Triglycerides and Diabetes Risk Connection

Triglycerides and Diabetes

Triglycerides and diabetes are very intimately related. In fact, it is possible to say that one might not exist without the other in some cases. When we eat sugary foods, the body very quickly gobbles up the sugar to use for rapid energy. But, there is often extra leftover. Much of the time this gets stored in the form of fat. But, when storage capacity is as its limit, it is converted into triglycerides.

This is why one of the most important parts of a triglyceride lowering diet is the reduction of sugars. Specifically, the diet means reducing simple sugars, such as those found in candies, cakes and donuts. Additionally, high starchy foods like white rice and white flour should be avoided as part of triglyceride lowering diet. This is because of the way the body can convert these into the blood fats, which can lead to higher than normal triglycerides levels.

It may come as no surprise then that this relationship between triglycerides and diabetes means that many people trying to reduce their blood fat levels share in a diet that helps manage the blood sugar of diabetics, called the low glycemic diet (or, glycemic index diet), as explained in our article, Triglycerides and Sugar – Why Sugary Foods Should Be Avoided? The diet revolves around reducing or eliminating foods that have a high glycemic index (which is related to sugar content) in order to healthfully manage blood sugar levels. The same diet can be beneficial to those with high triglycerides to a certain extent as sugar avoidance is very important to reducing the amounts of the fats in the blood.

People most often become aware of their triglycerides and diabetes relationship following the results of a lipid panel. This test measures the amount of the fats in the blood as well as other lipids like good and bad cholesterol. Together, the results of a lipid panel provide a bigger picture of overall heart health and the risk for heart related diseases. Results falling below 150 mg / dL are considered normal. 151 mg / dL to 199 mg / dL are considered to be elevated in terms of triglycerides and signal an increased risk of heart disease. The range between 200 mg / dL and 499 mg / dL is where the connection between diabetes risk and high triglycerides becomes more prevalent. Once blood fats reach 250 mg / dL, the risk for type 2 diabetes is increased. And, elevated triglycerides often go hand in hand with lower than desirable levels of LDL cholesterol or “good” cholesterol. This measurement is also taken on a lipid panel. The risk of diabetes is increased when the amount of good cholesterol in the blood is below 35 mg / dL.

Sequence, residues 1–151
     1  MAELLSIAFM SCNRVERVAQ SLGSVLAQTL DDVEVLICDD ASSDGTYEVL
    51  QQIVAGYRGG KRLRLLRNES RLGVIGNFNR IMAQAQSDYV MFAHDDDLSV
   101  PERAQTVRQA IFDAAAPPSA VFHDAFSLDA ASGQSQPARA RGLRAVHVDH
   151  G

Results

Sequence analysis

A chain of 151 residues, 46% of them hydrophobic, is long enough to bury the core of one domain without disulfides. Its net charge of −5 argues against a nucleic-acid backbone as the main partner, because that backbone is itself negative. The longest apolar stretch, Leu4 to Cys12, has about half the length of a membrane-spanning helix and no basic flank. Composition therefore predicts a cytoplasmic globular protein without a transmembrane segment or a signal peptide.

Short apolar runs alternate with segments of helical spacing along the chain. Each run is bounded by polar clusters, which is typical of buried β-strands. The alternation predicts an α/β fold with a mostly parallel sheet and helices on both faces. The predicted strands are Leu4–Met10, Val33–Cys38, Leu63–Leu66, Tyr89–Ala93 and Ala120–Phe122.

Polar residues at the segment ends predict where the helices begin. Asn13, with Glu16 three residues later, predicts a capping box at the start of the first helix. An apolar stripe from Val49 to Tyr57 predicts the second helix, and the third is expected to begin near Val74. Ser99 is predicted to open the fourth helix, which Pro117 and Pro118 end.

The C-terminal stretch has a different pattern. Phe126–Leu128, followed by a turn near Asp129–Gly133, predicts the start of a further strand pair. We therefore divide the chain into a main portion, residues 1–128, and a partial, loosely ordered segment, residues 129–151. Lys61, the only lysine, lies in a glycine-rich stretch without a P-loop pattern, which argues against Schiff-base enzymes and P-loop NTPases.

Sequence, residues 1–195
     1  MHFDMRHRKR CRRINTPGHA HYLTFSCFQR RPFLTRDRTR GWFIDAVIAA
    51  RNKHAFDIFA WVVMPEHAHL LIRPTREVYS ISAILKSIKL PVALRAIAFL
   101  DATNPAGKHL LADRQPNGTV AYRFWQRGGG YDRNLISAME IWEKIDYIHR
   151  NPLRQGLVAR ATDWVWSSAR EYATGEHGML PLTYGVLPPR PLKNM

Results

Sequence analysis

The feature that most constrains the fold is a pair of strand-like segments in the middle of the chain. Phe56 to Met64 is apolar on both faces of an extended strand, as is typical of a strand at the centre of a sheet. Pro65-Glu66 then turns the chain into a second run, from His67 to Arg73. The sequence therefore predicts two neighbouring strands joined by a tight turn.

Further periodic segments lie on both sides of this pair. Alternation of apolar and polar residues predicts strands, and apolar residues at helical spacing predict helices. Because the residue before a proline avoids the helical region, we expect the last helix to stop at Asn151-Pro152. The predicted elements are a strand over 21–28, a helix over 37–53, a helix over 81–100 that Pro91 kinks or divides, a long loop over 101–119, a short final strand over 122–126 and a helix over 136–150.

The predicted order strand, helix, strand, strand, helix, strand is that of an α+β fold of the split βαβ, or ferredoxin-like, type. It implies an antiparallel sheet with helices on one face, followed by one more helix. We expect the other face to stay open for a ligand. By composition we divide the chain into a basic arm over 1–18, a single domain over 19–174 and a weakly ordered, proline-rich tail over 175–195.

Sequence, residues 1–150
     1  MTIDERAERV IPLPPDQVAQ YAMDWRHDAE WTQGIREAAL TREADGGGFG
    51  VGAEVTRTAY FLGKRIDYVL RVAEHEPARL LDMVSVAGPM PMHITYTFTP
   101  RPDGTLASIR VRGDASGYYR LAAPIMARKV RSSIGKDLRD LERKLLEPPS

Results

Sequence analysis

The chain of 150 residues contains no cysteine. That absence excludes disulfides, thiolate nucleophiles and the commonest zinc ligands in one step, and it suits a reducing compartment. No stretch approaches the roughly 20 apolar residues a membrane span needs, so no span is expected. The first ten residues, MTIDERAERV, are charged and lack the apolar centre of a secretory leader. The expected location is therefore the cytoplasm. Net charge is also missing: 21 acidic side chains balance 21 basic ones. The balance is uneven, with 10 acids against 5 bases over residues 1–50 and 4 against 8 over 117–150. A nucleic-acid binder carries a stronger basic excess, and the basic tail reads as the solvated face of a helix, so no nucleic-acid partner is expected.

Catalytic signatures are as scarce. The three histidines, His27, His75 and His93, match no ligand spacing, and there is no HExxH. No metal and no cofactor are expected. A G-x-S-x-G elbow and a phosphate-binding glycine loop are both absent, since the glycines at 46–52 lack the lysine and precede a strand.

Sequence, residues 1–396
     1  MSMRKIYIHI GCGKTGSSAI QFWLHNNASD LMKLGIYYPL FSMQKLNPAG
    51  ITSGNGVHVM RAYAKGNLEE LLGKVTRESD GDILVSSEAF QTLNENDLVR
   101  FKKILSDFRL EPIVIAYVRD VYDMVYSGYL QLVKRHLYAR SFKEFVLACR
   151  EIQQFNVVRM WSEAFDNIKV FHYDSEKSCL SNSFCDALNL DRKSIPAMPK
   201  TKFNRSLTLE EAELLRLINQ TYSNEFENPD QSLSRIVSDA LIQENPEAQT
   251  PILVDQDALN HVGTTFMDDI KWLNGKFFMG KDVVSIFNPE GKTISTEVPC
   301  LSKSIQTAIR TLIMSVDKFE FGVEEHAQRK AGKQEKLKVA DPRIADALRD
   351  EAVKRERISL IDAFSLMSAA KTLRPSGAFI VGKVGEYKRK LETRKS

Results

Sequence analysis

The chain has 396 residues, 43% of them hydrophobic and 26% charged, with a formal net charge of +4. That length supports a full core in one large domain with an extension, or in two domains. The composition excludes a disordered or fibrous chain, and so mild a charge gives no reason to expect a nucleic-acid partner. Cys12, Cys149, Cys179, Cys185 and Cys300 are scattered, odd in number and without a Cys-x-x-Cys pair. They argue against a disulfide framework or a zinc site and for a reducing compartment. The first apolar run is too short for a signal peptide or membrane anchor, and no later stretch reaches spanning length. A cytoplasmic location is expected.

The relationship between triglycerides and diabetes is explained in a way that levels of the fats in the blood can be a sign that the body’s mechanism of converting food into energy is malfunctioning. Sometimes, the elevation of blood triglycerides can be a result of insulin resistance. Insulin is what the body uses in order to use triglycerides. A resistance to insulin can cause a situation in which both triglycerides and glucose build up in the blood stream. When insulin resistance is present, type 2 diabetes can often follow.

While there is an inherent connection between triglycerides and sugar and an increased risk of diabetes as a result, there are other commonalities between the two conditions that make them even more connected. Both conditions share common risk factors for development such as inactivity and being overweight. Just as obesity is a risk factor for elevated triglycerides, it is also a factor in the development of type 2 diabetes. And, activity level is also a risk factor for developing both conditions. A sedentary lifestyle can cause an increased likelihood of high triglycerides and diabetes. But, with sugar intake being likely the biggest cause of high triglycerides, its bitter association with the sweet stuff is where the connection with diabetes is often made. And, the only positive factor to consider between triglycerides and diabetes is that lowering sugar intake can reduce both the risk of diabetes and elevated triglyceride levels which can lead to heart disease and other serious health complications.

References:
http://www.webmd.com/cholesterol-management/diabetes
http://www.mayoclinic.com/health/diabetes/

Related articles: